Proclaiming the Word
Thus, in case there is any wonder why all the fuss and what motivates this narrative, the answer rests in the central focus of the reading, captured so well in its deceptively simple report: “Samaria had accepted the word” (8:14). The energy that authorizes, occasions, and empowers this narrative is clearly the “preaching of the word” (8:4). The power of that word of God in the face of all obstacles fairly breathes through this narrative. The proclamation of the “good news about the kingdom of God and the name of Jesus Christ” cannot be deterred even by the threats of persecution that meet it on every front.
Linked to the baptismal theme of this day, some reflection on the power and promise of the word of preaching would be fruitful for the preacher, both in preparation and in the preaching of the good news itself. Though it might seem too simple, the lesson encourages a renewed confidence in the “good news of the word” to establish a place for its own hearing even in the face of obstacles of whatever kind that might seem to call for the preacher’s magical wit or rhetorical sleight of hand. This is after all the season of Epiphany and still the occasion for telling the good news of Jesus one more time.
The compelling companion to the preaching of the word is the overwhelming force of its effect on the hearers: “The crowds with one accord listened eagerly” (8:6). The most telling comment of the narrative on that effect is that “even Simon,” the popular worker of magic, and thus potentially the chief voice of opposition, is silenced by the power of the word (8:13). Simon believes and is baptized right along with the others.
All of this exciting promise in the preaching of the word now greets the apostles Peter and John as they arrive from Jerusalem. We might be permitted to wonder for a moment about what more they might be charged to do in response to the powerful events that have already transpired. Will they hop on the bandwagon and join in the excitement of a word that seems unable to be held in check, or will they bring with them some counsel of caution or restraint on behalf of the apostles at Jerusalem?
A Surprising Spirit
The answer comes swiftly in the second verse of the lesson. Peter and John seem to know exactly what is needed in this situation. Without hesitation they pray for all those who have heard the word and been baptized “that they might receive the Holy Spirit” (8:15). We are invited to join in the excitement that their prayers are answered and the people indeed do receive the Holy Spirit (8:17), though we receive no details regarding what the effect or the signs of the reception might be. Perhaps the silence intentionally leaves us to imagine on the basis of other portions of the narrative of Acts what the presence and power of that Spirit might be in the lives of this new community of believers.
What we are told in the narrative that lies beyond today’s assigned reading is the unpredictable and surprising effect that comes in the relapse of Simon. Simon now seeks to capitalize on the Spirit’s power and offers money for the rights to God’s gifts. Peter chastises Simon for this change of heart for the worse and calls for his repentance. A repentant Simon pleads to the apostles for prayer on his behalf that nothing evil befalls him. Though the narrative is silent about what eventuates, perhaps this silence is meant to suggest that his prayers are indeed answered.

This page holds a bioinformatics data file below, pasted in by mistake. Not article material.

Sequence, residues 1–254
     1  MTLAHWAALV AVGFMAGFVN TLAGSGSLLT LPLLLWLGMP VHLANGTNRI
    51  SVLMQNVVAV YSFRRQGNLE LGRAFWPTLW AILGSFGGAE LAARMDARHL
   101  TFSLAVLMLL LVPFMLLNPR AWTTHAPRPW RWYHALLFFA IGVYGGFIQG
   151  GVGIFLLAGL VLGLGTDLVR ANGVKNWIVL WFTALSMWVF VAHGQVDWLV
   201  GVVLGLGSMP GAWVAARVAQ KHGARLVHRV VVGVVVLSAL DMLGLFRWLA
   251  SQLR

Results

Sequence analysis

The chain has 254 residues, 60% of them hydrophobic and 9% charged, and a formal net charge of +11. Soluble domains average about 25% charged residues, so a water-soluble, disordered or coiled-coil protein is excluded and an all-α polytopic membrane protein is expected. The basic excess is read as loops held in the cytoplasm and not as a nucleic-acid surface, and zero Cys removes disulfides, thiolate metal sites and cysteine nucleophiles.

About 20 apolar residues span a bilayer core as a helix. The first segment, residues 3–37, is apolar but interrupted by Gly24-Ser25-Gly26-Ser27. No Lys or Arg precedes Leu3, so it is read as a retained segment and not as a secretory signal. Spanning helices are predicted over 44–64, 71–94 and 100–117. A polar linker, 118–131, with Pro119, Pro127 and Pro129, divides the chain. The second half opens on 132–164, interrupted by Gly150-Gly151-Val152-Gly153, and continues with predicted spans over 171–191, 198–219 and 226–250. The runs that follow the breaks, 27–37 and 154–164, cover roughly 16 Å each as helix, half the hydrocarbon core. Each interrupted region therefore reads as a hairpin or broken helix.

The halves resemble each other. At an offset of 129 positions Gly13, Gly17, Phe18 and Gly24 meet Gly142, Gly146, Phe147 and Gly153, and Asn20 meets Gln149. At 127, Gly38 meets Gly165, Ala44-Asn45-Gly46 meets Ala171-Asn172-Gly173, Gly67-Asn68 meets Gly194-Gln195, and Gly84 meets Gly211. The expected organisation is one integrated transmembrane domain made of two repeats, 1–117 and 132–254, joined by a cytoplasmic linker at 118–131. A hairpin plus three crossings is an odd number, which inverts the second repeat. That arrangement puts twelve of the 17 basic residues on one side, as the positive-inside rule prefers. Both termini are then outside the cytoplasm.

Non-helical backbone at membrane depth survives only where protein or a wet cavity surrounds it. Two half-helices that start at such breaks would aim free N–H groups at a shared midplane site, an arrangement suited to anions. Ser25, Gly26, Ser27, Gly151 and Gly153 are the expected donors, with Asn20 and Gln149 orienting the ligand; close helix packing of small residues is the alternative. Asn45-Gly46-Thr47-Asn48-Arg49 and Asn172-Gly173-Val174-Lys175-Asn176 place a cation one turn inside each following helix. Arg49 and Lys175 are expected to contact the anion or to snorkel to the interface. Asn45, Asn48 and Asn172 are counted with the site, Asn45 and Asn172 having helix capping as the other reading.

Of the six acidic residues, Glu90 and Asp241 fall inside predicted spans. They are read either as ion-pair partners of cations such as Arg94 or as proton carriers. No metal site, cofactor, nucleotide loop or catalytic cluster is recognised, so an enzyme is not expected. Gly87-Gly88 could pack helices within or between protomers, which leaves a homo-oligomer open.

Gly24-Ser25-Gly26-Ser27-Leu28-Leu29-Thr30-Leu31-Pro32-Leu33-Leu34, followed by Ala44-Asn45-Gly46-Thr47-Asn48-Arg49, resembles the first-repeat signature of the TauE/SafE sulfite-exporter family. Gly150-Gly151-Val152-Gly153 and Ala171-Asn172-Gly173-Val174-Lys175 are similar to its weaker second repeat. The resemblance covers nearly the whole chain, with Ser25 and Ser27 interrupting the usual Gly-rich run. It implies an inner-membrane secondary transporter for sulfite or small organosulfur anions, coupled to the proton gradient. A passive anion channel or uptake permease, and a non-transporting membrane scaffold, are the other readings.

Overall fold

What we do see in this narrative is a brief vignette of the role of the Spirit in the life of this new community. The Spirit is present and active from the beginning in the ongoing rhythms of repentance and forgiveness that will shape this community in its continual hearing of the good news of God’s kingdom.
Baptism in the Name
Amid all the power of preaching and response to the word that accompanies this narrative, there are some questions that continue to circle around the edges. It suggests that there is a power and a presence in this Word of God that precludes any facile parsing out of the rules for its management, even for the apostles. It is clear that power accompanies the preaching and the hearing of the word, and that powerful change will accompany the new beginnings of baptism. One of the signs of that change may be seen in the careful notation that it is “both men and women” who are included within the sweep of this new kingdom (8:12), just as it has been “both men and women” who have been threatened by the effects of the persecutions that sought to limit its reach (8:3).
But what of this baptism? And what of the associated Spirit? In response to the word of preaching these people had been baptized, but we are told that they had been baptized “only in the name of the Lord Jesus.” Is there still something more? Apparently so, since Peter and John now lay hands on them and pray that they might also receive the Holy Spirit.
We may be permitted to wonder a bit, especially when we note that in all the other instances in Acts where the “name” of Jesus and baptism are associated, there is no indication that such baptism is lacking in any way (see, for example, 2:38; 10:38; 19:5; 22:16). At Jesus’ baptism we hear of the Spirit’s presence and of God’s delight in a chosen Son. Yet we hear nothing as yet about where that Spirit will now lead this chosen One.
Perhaps this “addition of the Spirit” in this narrative instance now suggests that, even when having received the outpouring of God’s gifts in baptism, one should not be surprised to see that God’s Spirit still awaits with even more wondrous gifts for us. Such is the promise that will continue to accompany and empower this community and our communities of faith for the life and mission to come.